The best political community is formed by citizens of the middle class. —Aristotle (384 BC-322 BC), Politics
Where justice is denied, where poverty is enforced, where ignorance prevails, and where any one class is made to feel that society is in an organized conspiracy to oppress, rob and degrade them, neither persons nor property will be safe. —Frederick Douglass (1817-1895), Speech, April 1886
‘UPPER classes are a nation’s past; the middle class is its future,” Ayn Rand (1905-1982), American novelist and philosopher, once said.
Sad to say, this dictum doesn’t seem to apply to the Philippines. The ranks of the middle class—according to the study by statisticians Romulo Virola, Mildred Addawe and Ma. Ivy Querubin—are in fact shrinking.
Mr. Virola, it should be noted, is secretary-general of the National Statistical Coordination Board (NSCB).
The trend doesn’t augur well for the stability of this country. It’s an irony that we need to worry about as we ponder the validity of the encouraging gross domestic product (GDP) figures that we have started to see in the last several years.
Entitled “Trends and Characteristics of the Middle-Income Class in the Philippines: Is it Expanding or Shrinking?”, this study was one of the papers presented during the recent National Statistical Conference. And the results are disturbing.
First, from 1997 until 2003, the ranks of the middle class were shrinking. In terms of absolute figures, the same study found out that while the number of middle-income families increased from 1997 to 2000, it decreased from 2000 to 2003.
That trend suggests the ranks of the poorer segment of society are expanding.
“As of 2003, less than one in 100 families belongs to the high-income class; about 20 are middle-income and 80 are low-income. And in a span of six years from 1997 to 2003, close to four families for every 100 middle-income families have been lost to the low income category,” said the study.
The study highlights what the authors say is the “increasing vulnerability” of the middle class that could translate into increased poverty incidence in the future. We could interpret the results to mean that we do have a shaky and insecure middle class that is prone to slide down the social scale.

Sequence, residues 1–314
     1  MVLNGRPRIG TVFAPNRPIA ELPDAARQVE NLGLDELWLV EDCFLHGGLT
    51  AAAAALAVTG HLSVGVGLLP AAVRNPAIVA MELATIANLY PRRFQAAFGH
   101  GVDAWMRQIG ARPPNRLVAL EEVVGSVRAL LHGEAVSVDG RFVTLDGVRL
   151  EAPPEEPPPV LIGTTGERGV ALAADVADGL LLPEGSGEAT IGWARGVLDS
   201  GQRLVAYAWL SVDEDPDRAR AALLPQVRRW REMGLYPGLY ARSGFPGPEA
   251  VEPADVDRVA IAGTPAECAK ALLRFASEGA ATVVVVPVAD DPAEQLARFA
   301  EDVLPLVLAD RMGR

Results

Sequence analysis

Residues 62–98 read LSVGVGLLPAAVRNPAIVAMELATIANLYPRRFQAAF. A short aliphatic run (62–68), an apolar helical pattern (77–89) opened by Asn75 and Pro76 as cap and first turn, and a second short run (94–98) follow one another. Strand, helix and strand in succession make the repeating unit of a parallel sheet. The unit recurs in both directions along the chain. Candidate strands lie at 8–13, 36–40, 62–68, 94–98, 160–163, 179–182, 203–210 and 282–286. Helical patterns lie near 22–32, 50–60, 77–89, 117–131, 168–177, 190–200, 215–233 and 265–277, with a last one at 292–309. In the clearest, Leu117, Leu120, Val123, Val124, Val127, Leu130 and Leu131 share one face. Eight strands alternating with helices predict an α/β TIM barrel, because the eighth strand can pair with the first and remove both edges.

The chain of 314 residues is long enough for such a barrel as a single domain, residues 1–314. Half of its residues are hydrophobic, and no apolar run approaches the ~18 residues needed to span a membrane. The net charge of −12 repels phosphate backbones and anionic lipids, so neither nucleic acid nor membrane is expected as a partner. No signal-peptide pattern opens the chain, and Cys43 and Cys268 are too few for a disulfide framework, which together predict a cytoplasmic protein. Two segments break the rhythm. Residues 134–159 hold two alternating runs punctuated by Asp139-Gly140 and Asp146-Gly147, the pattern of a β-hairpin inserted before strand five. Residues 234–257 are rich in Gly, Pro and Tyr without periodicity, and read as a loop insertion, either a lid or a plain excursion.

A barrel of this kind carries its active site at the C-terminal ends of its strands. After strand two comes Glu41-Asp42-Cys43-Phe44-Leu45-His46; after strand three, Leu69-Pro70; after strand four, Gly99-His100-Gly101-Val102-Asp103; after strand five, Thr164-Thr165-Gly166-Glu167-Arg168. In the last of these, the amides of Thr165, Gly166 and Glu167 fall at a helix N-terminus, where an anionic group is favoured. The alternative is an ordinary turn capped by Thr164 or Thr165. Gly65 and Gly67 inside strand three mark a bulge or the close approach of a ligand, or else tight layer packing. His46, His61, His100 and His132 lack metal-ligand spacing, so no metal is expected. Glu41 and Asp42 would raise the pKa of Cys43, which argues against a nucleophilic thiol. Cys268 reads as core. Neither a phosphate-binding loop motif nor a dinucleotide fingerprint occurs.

The study, albeit limited, has identified certain predictors of incomes for Filipino households, like ownership of stereo, having air-conditioning units, and educational attainment and household size, for which government action could be anchored. The authors called for “timely intervention” from both the public and the private sector, specifically increased investments and reforms in the country’s education system.
These interventions are important because, according to the study, the mean income of the families with overseas workers is much higher by 75 percent in 2000 and 93 percent in 2003 than the mean income of all Filipino families. Out of the total number of families with one or two of their members working abroad, more than half are classified as middle-income families.
These statistics reveal to us just how difficult it is to rise up the Philippine social ladder. The study is telling us that the only way for someone who aspires to get a better life is through overseas labor migration. This is a serious indictment not only of the country’s political leaders but also of the behavior of its private business leaders, who resisted policy reforms intended to hasten economic growth.
And not to be ignored, of course, is a major factor: the worsening graft and corruption under the Arroyo administration, its complete lack of transparency, and its utter lack of moral direction.
And we are also talking here about entrenched monopolies and oligopolies in aviation, the shipping and port operations, and utilities, among others, which stranglehold on the Philippine economy have prevented us from attaining global competitiveness.
Recently, the country’s leaders from both the public and private sectors were heard lamenting the continuing drain in the country’s brains. Indeed, officials of the Philippine Overseas Employment Administration have been saying the Philippines has increasingly been deploying skilled professionals and technicians, thus making it hard for local industries to retain talent. But unless we do something that could raise the hopes and dreams of the middle class, from which most of the country’s talent comes, we could never solve the “brain-drain” problem.
For far too long, the country’s policymakers have largely been focusing their attention on the so-called poorest of the poor, through measures like minimum-wage setting and subsidies on prices of cereals through price supports, among others. They seem to assume that the middle class is doing just fine.
The NSCB study, however, indicates that we also need to attend to the needs of the middle class for the benefit of greater society. It’s from the middle class where we get the talent needed to run the bureaucracy, as well as manage businesses, offices and factories.
The middle class is usually well- educated, highly skilled and well- informed. It’s through an expanding middle class where we could attain political stability and real democracy.
But when a big chunk of the middle class is away, the country is left to two vastly different classes: the tiny elite who have a grip on most of the resources, and the overwhelming number of the poor and wretched and their increasingly angry voices. It’s an understatement to say that’s not a good environment for doing business. (Note: drafted as editorial for the BusinessMirror, 30 October 2007)